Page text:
Better Under-approximation of Programs by Hiding Variables
Abstraction frameworks use under-approximating transitions in order
to prove existential properties of concrete systems.
Under-approximating transitions refer to the concrete states that
correspond to a particular abstract state in a universal manner.
For example, there is a {\em must} transition from abstract state
$a$ to abstract state $a'$ only if all the concrete states in $a$
have successors in $a'$.
The universal nature of under-approximating transitions makes them
closed under transitivity. Consequently, reachability queries about
the concrete system, which have applications in falsification and
testing, can be answered by reasoning about its abstraction. On the
negative side, the universal nature of under-approximating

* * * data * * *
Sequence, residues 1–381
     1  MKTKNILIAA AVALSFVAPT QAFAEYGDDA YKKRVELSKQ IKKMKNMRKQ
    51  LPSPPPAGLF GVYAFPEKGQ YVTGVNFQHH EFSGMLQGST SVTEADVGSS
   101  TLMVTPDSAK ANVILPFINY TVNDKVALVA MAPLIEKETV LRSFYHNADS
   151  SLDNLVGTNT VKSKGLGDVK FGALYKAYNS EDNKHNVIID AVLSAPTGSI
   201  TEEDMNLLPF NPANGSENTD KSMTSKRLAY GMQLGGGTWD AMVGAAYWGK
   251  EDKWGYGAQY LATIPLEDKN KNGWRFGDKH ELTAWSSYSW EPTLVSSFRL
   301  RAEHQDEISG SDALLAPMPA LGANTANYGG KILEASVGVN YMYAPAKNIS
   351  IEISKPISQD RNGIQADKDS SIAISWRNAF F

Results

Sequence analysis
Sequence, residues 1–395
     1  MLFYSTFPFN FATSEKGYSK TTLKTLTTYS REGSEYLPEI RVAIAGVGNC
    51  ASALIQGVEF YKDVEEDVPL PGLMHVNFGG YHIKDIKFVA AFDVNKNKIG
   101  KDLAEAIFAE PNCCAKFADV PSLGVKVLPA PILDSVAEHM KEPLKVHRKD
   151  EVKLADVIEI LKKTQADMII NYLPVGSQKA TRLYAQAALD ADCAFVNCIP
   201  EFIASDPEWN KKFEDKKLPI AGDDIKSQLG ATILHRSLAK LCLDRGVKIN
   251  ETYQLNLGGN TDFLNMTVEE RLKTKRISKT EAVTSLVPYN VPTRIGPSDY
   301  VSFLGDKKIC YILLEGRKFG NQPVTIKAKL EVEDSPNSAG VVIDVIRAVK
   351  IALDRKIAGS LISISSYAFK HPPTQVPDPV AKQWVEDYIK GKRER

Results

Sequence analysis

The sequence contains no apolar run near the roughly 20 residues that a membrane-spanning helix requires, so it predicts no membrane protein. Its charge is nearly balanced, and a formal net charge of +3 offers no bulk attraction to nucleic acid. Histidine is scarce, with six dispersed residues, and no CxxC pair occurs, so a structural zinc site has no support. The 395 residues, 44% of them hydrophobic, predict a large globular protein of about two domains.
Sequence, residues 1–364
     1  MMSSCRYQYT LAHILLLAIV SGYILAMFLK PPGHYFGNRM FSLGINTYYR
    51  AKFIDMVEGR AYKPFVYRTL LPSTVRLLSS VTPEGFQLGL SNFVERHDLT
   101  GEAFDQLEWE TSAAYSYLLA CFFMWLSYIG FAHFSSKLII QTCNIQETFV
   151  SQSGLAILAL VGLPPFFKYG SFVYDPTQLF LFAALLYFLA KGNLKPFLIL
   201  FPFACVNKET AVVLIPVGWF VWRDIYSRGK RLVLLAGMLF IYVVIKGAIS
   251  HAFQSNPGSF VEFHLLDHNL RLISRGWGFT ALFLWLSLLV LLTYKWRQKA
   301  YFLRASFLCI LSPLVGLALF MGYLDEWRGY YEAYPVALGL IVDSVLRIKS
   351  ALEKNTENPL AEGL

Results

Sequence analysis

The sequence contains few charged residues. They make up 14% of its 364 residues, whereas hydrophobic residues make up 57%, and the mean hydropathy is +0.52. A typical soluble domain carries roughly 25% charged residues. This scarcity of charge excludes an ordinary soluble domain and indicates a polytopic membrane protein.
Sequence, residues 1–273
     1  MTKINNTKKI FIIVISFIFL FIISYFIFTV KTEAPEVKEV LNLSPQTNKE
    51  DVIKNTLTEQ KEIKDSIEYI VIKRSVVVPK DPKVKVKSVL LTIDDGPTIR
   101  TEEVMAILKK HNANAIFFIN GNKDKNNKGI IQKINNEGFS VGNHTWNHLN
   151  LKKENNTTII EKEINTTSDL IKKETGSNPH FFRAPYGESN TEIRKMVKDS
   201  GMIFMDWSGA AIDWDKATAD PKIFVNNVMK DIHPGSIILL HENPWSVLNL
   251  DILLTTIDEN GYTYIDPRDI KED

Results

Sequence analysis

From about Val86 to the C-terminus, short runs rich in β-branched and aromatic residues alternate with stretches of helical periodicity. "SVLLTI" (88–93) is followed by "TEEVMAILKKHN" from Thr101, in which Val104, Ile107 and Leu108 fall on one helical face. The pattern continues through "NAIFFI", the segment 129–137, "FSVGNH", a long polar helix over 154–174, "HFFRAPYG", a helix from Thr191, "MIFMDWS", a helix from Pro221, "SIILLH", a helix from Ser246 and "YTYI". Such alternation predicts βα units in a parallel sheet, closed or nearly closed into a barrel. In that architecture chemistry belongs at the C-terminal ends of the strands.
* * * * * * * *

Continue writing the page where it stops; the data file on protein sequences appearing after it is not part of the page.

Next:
transitions makes them dependent on all the variables of the program.
The abstraction, on the other hand, often hides some of the
variables. Since the universal quantification in must transitions
ranges over all variables, this often prevents the abstraction from
associating a must transition with statements that refer to hidden
variables.
We introduce and study {\em partitioned-must\/} transitions. The idea
is to partition the program variables to relevant and irrelevant
ones, and restrict the universal quantification inside must
transitions to the relevant variables. Usual must transitions are a
special case of partitioned-must transitions in which all variables
are relevant. Partitioned-must transitions exist in many realistic
settings in which usual must transitions do not exist. As we show,
they retain the advantages of must transitions: they are closed
under transitivity, their calculation can be automated, and the
three-valued semantics induced by usual must transitions is refined
to a multi-valued semantics that takes into an account the set of
relevant variables.